Photo courtesy of the FWFD Twitter account/Glen Ellman.
At least six people are dead and more than 100 injured after freezing rain on Interstate 35 in Fort Worth, Texas, caused more than 100 vehicles to collide in a twisted carnage of metal that stretched over half a mile, according to Fort Worth Incident Command authorities. More than 80 police units, 13 ambulances, and several fire engines responded to the tragic scene Thursday morning.
“The scene we saw today is one really unlike one probably any of us have ever seen and one we pray to God we never see again,” Fort Worth Police Department Chief Neil Noakes said during a Thursday press conference. “Our hearts, our thoughts, our prayers go out to everyone negatively affected by this tragic incident.”
24 hours ago, events on 35W changed many lives in our community forever! We are saddened by the tragedy, but inspired by the amazing work by @FortWorthFire @fortworthpd and MedStar personnel. Facing incredible challenges, these professional rose to the occasion to preserve life! pic.twitter.com/Te5S3dlEYw
— MedStar EMS Alerts (@MedStarEMSInfo) February 12, 2021
At approximately 6 a.m. Thursday, 911 calls started flooding into the Fort Worth Metro Dispatch Center for a rapidly developing vehicle pileup on southbound I-35W. Haunting videos started hitting social media platforms showing large semitrucks smashing into the growing pileup of vehicles. By 6:15 a.m., units from the Fort Worth police and fire departments and local emergency medical services agency MedStar had arrived on the scene.
First responders immediately started assessing the situation and working to rescue people who were entrapped and/or injured. According to a tweet from MedStar, rescuers were placing caution tape on vehicles to show others that they had already been checked for survivors. Four officers were injured during the incident; three were driving when it happened and one was injured while on the scene, according to Noakes.
Fort Worth Fire Department Chief Jim Davis said the cold temperatures, which were in the low 20s, slowed everything down when it came to their equipment reaching optimal temperatures to operate. In addition, the cold is a compounding factor for the condition of accident victims, as cold and traumatic injuries are a deadly combination.
Preliminary information on MCI in Fort Worth. More info will be released later. At least 100 vehicles involved, 5 fatalities, 36 transported to local hospitals. #yourFWFD continues to work the incident and will be on scene for several hours. pic.twitter.com/DUtRJFKSI9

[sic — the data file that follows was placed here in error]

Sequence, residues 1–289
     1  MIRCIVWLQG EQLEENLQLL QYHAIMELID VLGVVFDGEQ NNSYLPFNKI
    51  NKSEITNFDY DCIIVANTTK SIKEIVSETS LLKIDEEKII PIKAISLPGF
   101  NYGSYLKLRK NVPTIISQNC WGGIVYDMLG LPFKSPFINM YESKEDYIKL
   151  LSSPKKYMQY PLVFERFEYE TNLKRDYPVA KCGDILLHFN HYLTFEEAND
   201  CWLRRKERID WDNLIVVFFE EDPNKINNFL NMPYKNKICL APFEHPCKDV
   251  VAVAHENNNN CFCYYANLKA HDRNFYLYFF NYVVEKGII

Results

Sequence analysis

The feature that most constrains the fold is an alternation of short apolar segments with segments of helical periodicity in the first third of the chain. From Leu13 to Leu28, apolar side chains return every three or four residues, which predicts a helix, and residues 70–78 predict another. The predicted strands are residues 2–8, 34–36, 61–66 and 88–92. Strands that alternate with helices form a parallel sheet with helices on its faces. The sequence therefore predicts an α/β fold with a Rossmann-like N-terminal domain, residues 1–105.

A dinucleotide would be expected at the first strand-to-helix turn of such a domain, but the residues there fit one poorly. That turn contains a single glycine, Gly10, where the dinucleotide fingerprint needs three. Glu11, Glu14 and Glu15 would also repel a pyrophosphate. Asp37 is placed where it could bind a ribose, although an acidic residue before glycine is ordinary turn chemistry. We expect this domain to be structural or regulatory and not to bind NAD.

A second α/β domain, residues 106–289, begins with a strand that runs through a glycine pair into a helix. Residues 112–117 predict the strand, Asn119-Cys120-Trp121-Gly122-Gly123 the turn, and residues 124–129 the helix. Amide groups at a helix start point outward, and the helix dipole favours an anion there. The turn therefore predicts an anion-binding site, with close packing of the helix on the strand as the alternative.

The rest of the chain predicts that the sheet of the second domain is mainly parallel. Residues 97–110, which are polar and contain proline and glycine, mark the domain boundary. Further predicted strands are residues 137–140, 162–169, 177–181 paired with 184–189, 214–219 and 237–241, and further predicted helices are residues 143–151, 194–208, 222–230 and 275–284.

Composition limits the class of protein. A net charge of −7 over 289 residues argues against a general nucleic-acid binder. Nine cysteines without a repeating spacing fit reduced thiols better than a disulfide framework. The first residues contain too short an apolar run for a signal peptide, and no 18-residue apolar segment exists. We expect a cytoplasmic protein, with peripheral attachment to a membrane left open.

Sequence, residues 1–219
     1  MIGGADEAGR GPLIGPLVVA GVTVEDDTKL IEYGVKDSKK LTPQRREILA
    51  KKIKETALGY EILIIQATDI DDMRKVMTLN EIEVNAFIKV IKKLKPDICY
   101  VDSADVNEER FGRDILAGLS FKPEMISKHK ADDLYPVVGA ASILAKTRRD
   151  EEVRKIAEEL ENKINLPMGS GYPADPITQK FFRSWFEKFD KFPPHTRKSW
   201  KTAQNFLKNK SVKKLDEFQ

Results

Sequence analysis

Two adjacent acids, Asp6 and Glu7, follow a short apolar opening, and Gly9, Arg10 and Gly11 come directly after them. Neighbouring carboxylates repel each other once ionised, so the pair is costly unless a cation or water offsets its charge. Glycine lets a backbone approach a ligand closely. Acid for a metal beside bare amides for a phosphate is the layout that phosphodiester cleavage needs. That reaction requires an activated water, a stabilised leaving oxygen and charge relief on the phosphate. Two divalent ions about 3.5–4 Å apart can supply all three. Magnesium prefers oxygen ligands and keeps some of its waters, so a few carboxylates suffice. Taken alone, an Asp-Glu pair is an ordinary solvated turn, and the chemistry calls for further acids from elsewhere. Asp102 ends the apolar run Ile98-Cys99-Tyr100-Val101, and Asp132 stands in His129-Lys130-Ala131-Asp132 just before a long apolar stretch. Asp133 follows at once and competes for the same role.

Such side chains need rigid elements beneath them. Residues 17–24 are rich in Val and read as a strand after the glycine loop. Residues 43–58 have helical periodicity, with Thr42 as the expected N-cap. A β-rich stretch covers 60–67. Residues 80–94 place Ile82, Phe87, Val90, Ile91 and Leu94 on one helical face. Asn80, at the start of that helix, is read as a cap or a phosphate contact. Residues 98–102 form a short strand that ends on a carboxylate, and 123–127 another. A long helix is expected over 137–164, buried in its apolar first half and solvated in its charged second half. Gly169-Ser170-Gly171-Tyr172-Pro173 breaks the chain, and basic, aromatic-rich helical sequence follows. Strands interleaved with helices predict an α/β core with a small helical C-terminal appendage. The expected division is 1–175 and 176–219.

— Fort Worth Fire Department (@FortWorthFire) February 11, 2021
The responders established sectors for extrication, triage, and treatment. FWFD firefighters used hydraulic equipment to extricate people trapped in the wreckage. Wreckers from multiple companies helped with pulling vehicles apart and off the roadway. MedStar transported 36 people from the scene, and at least 65 people involved in the incident have checked into local hospitals to seek treatment.
Multiple authorities said they expect the number of injured and dead to increase as they continue to investigate the scene and clear out the wreckage. Noakes said it seems like “ice was a factor,” but the investigation is still active.
By around 4:30 p.m. Thursday, when the press conference concluded, the accident area was still an active scene with first responders working to pull people from the wreckage. CBS reported that northbound I-35 was reopened by 8 p.m. Thursday.
The Fort Worth Department of Transportation and Public Works had not responded to requests for information about roadway treatments in icy conditions at the time of publication.
Joshua Skovlund is a former staff writer for Coffee or Die. He covered the 75th anniversary of D-Day in France, multinational military exercises in Germany, and civil unrest during the 2020 riots in Minneapolis. Born and raised in small-town South Dakota, he grew up playing football and soccer before serving as a forward observer in the US Army. After leaving the service, he worked as a personal trainer while earning his paramedic license. After five years as in paramedicine, he transitioned to a career in multimedia journalism. Joshua is married with two children.
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